Glenn Manser shares a few thoughts on his favourite work in the Collection.
Among the hubbub of the APT8 opening night and the kaleidoscopic representations of a multiplicity of cultures, there was one particular work on display — a recent addition to the Collection — that simply mesmerised me. This large and strikingly beautiful painting by Indigenous Australian artist Yukultji Napangati dominated the second-floor walkway of GOMA.
Recently acquired through the generous support of Foundation Committee member James C Sourris, AM, this memorable piece radiates the autumn hues of country associated with Marrapinti, west of Kiwirrkura in the Pollock Hills of Western Australia. This finely dotted work of vivid oranges and yellows reflects the undulating and quirky striations of Napangati’s country. The roundel, imaginatively integrated into the painting, captures not only the creek and cave at this site but also, more symbolically, the ceremonies that were ancestrally performed by Pintupi women.
The incorporation of this painting, together with another of equal proportions on loan from the Hassall Collection for APT8, subtly reminds the passer-by that in an exhibition that promotes art in the context of contemporary Asia and the Pacific, Indigenous Australian artists like Yukultji Napangati bring a sensitivity to country and culture that resonates with both sophistication and continuity.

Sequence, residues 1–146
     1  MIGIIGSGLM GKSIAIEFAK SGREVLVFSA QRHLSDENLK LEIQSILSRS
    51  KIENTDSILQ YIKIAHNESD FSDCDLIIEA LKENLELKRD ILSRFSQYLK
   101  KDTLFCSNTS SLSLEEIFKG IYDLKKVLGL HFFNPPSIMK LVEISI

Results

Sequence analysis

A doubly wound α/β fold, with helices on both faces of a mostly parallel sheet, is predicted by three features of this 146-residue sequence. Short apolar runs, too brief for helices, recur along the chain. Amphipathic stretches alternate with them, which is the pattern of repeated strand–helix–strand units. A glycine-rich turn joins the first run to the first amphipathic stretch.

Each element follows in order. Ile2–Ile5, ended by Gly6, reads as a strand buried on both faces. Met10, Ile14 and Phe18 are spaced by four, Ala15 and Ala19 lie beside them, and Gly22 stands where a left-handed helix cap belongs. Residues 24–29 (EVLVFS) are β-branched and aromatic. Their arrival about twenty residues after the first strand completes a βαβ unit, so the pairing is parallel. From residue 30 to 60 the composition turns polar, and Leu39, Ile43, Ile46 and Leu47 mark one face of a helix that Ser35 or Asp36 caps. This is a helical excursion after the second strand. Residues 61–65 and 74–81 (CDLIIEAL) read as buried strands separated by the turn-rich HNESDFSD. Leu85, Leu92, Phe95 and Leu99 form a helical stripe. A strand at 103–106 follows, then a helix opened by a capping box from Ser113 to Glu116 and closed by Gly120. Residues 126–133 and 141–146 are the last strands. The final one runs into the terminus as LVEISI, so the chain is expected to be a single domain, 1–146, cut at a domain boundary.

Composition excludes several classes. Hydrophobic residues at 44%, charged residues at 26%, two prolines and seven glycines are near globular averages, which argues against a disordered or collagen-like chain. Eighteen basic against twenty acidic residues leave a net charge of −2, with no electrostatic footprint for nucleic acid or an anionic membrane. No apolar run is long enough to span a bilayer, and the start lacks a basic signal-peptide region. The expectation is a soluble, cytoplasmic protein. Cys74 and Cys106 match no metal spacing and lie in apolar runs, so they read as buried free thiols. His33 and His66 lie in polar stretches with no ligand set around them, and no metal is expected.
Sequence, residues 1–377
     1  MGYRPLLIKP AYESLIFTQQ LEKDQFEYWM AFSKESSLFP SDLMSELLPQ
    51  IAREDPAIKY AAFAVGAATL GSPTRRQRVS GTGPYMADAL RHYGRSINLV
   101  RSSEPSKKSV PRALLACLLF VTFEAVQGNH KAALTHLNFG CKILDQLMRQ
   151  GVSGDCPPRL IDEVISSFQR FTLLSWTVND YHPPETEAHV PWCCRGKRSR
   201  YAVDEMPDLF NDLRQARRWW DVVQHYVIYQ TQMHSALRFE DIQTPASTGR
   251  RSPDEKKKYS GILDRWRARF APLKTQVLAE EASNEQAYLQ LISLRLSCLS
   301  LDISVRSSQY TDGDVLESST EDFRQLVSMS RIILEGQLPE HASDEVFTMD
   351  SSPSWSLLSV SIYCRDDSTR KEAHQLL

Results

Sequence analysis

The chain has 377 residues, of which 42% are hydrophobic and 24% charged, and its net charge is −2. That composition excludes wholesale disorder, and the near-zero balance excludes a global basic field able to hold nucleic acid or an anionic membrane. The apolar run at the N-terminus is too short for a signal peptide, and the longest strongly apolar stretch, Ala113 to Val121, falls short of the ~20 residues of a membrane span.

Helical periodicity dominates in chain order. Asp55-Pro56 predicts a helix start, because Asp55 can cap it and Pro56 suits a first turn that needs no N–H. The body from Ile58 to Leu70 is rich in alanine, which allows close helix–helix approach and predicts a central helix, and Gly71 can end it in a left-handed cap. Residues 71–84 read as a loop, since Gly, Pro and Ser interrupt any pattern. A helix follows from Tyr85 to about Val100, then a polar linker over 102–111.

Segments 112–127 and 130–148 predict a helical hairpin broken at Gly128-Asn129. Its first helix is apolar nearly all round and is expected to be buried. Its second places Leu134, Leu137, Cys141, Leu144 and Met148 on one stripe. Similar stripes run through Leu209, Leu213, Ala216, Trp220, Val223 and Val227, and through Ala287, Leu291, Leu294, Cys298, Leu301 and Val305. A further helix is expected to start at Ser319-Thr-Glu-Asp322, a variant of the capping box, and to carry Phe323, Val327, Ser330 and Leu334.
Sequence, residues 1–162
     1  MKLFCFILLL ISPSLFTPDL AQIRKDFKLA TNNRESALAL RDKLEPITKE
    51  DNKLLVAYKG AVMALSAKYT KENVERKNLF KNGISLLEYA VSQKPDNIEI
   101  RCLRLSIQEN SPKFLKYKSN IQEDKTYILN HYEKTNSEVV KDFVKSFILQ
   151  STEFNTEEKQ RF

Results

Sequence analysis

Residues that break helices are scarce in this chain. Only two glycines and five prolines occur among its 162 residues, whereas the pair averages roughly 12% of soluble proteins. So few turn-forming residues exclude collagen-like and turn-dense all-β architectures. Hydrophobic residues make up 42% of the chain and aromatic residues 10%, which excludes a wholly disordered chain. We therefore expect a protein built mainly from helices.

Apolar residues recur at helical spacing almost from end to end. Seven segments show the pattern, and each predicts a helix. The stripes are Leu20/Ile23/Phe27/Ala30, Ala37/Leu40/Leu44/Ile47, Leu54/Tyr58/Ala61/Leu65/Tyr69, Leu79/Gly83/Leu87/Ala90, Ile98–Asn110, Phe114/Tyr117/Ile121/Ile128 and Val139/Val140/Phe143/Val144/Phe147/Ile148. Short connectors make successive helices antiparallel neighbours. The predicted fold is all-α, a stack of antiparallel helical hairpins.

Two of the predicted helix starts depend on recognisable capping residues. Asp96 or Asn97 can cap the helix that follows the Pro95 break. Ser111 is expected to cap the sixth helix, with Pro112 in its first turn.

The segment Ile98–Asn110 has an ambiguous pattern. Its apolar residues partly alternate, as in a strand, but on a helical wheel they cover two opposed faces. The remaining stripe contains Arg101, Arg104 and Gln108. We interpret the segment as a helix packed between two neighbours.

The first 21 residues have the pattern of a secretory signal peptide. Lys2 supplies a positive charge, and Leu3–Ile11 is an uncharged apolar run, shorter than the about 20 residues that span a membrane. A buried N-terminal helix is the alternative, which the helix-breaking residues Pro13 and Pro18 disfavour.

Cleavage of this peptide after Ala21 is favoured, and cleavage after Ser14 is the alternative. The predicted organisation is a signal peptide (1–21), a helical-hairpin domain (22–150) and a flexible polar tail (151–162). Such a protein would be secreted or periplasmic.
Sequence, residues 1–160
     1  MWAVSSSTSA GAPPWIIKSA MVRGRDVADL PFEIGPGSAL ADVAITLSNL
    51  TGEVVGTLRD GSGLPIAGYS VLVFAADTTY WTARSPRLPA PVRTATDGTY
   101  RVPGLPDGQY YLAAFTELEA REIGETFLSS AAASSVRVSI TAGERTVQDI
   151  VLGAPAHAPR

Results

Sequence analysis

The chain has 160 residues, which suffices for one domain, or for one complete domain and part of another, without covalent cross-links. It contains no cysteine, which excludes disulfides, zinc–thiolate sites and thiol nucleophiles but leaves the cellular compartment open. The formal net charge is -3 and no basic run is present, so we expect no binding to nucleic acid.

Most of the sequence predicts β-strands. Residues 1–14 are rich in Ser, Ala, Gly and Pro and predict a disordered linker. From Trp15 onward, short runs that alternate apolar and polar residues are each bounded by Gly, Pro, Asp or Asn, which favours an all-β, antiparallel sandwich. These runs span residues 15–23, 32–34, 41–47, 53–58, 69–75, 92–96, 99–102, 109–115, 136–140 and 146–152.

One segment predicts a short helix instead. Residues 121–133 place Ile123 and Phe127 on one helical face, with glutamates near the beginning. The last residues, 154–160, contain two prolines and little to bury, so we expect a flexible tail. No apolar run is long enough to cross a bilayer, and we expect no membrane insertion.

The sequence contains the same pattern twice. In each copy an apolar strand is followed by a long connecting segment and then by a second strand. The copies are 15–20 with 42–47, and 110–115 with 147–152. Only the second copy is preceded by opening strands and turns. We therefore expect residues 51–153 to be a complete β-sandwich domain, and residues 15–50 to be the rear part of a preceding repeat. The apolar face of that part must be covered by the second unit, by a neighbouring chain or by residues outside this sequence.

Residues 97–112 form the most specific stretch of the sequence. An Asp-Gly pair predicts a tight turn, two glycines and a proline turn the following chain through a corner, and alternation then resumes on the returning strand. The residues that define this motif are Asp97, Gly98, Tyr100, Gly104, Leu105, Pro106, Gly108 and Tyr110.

Glenn Manser is an art collector, QAGOMA benefactor and Foundation member.
The Asia Pacific Triennial of Contemporary Art (APT)
is the Gallery’s flagship exhibition focused on the work of Asia, the Pacific and Australia.
Until Sunday 10 April 2016
Exhibition Founding Sponsor: Queensland Government
Exhibition Principal Sponsor: Audi Australia